Mendes and his cinematographer Roger Deakins use the panoramic screen shape to emphasize how ordinary lives unfold within a landscape of history that the tiny figures in its foreground can’t fully comprehend. The problem is that, at first, all the characters are written Small, not just Hilary: figurines of “ordinary people” that would seem condescending if the performers didn’t give them life through body language and intonation, and if Mendes and Deakins didn’t frame and light them with such care.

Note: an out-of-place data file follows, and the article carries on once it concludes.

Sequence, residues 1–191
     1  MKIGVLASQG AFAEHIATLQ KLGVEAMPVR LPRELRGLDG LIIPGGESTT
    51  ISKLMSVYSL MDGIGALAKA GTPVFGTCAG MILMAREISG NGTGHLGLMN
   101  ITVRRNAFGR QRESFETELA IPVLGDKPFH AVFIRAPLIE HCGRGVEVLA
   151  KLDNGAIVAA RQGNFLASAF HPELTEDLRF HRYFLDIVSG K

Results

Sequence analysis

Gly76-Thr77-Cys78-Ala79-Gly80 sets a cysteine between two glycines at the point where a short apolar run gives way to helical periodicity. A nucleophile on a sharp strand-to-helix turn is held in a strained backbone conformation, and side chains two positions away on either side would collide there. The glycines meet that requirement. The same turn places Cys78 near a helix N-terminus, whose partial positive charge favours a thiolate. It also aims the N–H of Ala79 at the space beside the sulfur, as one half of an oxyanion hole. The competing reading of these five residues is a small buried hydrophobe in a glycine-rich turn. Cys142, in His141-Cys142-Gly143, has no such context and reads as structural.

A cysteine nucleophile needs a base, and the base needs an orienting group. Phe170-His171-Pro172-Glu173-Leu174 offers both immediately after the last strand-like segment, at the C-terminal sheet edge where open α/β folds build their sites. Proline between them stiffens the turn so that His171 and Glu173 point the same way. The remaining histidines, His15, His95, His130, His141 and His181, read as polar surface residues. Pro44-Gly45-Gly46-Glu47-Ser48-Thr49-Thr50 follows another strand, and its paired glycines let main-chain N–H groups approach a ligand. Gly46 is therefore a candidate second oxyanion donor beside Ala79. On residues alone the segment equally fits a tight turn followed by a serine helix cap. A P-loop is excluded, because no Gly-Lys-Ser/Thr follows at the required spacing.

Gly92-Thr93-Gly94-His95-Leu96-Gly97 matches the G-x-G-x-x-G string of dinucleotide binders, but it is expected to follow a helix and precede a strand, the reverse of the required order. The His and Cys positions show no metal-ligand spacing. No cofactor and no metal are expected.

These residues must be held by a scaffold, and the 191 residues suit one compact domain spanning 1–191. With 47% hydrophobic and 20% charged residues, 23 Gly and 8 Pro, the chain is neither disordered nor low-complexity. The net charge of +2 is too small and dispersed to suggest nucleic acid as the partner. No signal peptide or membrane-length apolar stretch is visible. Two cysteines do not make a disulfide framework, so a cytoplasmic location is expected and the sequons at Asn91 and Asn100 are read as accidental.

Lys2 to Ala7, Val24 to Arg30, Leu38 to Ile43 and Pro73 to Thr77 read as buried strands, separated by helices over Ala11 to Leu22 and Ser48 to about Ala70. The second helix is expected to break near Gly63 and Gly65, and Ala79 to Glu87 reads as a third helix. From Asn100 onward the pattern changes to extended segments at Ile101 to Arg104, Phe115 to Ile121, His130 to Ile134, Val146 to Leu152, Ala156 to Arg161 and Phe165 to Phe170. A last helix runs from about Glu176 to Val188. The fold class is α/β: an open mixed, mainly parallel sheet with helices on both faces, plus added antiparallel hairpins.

We see sad-eyed Hilary rallying herself to banter with the staff, having a furtive and degrading sexual encounter with her married boss Mr. Ellis (Colin Firth), eating alone and walking alone and sitting in her apartment alone, and sliding down into a tub and staying underwater (the gestural expression of a suicide wish). Her newest trainee, an affable and handsome young Black man named Stephen (Micheal Ward), connects with her so strongly that we know a rejuvenating (though inappropriate) workplace affair is right around the corner. Ward brings an early-1960s Sidney Poitier energy to the role: the character is engaging and witty and game for anything, but wise about how brutally post-Thatcher England treats people like him.